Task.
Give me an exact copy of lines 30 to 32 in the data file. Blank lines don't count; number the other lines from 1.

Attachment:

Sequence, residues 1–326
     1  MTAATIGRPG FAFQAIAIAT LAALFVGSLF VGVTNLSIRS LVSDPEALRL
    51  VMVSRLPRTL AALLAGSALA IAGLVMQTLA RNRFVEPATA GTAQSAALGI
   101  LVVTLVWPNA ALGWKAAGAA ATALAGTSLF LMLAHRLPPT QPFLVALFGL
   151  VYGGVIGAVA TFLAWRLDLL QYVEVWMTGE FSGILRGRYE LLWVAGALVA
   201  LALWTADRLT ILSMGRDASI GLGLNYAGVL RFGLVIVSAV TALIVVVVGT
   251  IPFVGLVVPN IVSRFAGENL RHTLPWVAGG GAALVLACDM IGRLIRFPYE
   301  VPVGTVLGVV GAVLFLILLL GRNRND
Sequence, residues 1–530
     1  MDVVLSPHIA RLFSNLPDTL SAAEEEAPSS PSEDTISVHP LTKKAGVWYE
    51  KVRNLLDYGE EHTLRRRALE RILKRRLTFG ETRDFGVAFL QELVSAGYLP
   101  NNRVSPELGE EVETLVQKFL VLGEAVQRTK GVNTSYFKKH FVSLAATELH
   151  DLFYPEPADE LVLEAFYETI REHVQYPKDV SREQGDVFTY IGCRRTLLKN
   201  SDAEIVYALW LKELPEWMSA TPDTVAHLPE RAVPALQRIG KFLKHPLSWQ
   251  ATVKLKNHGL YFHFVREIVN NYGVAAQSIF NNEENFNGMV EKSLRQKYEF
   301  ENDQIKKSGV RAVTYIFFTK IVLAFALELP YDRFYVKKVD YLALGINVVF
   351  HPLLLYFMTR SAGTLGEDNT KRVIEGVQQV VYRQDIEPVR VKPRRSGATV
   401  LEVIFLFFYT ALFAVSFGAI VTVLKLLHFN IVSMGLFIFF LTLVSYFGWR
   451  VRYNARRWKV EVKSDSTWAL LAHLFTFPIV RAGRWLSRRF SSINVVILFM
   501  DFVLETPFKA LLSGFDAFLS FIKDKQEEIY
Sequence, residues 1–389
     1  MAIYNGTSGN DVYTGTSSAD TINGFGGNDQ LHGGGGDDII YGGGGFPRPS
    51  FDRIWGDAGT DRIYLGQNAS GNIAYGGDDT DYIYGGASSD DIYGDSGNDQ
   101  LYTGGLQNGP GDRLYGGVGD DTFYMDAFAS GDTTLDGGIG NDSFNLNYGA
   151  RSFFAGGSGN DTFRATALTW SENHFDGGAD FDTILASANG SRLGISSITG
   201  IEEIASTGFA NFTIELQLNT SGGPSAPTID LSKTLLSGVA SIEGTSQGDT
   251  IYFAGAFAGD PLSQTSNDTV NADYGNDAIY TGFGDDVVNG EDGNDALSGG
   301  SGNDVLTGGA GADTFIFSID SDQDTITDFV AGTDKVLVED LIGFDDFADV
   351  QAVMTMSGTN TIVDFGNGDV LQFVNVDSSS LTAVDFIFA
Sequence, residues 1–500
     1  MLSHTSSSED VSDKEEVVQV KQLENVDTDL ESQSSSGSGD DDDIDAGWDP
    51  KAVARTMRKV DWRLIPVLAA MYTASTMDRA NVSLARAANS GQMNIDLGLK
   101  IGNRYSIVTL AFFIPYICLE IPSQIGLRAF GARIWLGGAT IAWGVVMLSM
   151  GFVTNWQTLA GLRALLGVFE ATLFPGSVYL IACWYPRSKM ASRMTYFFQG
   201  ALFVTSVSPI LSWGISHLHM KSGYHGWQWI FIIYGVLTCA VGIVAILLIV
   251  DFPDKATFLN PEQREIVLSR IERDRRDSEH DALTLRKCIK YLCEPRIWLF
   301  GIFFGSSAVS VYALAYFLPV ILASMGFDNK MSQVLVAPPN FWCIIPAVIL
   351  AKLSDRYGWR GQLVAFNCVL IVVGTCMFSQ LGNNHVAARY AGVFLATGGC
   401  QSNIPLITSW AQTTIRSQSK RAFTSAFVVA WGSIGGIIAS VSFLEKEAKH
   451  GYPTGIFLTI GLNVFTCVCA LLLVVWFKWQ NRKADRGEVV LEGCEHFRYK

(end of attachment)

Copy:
Sequence, residues 1–500
     1  MLSHTSSSED VSDKEEVVQV KQLENVDTDL ESQSSSGSGD DDDIDAGWDP
    51  KAVARTMRKV DWRLIPVLAA MYTASTMDRA NVSLARAANS GQMNIDLGLK